Oprah's electricity is presidential
We are also expected to ignore the rhetorical backflips that both political parties are doing to square what they said about one billionaire yesterday with what they're saying about another billionaire today.
In 2016, Democrats essentially said about the idea of a Trump candidacy: "This is crazy. You can't have a political novice, who has never run for office, who doesn't know about politics or public policy and comes from within a bubble of like-minded people. The presidency is not an entry-level job."
In 2020, if Winfrey runs for president, we're likely to hear the same sort of things from Republicans.
Eye-rolling could become the new national pastime.
Of course, Obama wasn't the first presidential hopeful to have the X-factor of ginning up excitement. Ronald Reagan, Bill Clinton and George W. Bush all had it. And it's no coincidence that all went on to be elected, then re-elected. The two-term club is pretty exclusive, and, to become a member, you have to capture the imagination of the American people.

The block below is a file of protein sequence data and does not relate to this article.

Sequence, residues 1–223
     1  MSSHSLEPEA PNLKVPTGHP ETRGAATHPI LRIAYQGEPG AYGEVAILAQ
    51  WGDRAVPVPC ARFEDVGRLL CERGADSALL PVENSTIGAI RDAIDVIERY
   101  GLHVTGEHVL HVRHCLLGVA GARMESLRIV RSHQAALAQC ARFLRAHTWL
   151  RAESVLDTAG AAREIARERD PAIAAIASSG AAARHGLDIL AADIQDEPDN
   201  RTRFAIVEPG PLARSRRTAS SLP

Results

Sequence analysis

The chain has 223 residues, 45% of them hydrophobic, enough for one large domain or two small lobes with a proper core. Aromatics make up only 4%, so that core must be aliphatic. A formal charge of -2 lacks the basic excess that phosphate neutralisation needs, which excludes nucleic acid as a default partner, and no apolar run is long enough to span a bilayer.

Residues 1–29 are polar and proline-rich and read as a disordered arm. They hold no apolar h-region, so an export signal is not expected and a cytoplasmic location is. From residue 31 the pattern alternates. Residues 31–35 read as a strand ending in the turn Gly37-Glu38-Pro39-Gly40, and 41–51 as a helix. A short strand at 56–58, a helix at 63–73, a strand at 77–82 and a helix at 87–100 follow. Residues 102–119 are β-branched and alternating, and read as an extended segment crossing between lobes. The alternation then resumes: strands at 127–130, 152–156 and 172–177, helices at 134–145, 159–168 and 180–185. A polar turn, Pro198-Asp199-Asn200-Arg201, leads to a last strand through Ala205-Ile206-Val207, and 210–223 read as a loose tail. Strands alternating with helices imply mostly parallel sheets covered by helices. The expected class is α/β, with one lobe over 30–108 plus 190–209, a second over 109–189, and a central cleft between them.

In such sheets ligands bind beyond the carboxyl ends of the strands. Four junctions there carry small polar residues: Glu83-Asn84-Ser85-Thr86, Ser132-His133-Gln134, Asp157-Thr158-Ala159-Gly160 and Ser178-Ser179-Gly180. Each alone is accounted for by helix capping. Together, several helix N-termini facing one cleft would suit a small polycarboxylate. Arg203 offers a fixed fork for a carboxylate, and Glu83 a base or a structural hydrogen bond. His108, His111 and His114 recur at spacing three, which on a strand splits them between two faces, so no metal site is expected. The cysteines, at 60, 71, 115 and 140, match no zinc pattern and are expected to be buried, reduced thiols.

Trump does that. While I don't agree with most of his agenda, and I think he's been bad for our political system, there is no denying the electricity he generates. Ask Jeb Bush, Marco Rubio or Ted Cruz.
Getting elected president is hard work, but it isn't rocket science. If your candidacy excites people to their core, you have a huge advantage. If it doesn't, well, don't give up your day job.
Reagan, Clinton, Bush, Obama and Trump also have another thing in common: being underestimated. Don't make that mistake with Oprah.
Ruben Navarrette's email address is firstname.lastname@example.org. His daily podcast, "Navarrette Nation," is available through every podcast app.
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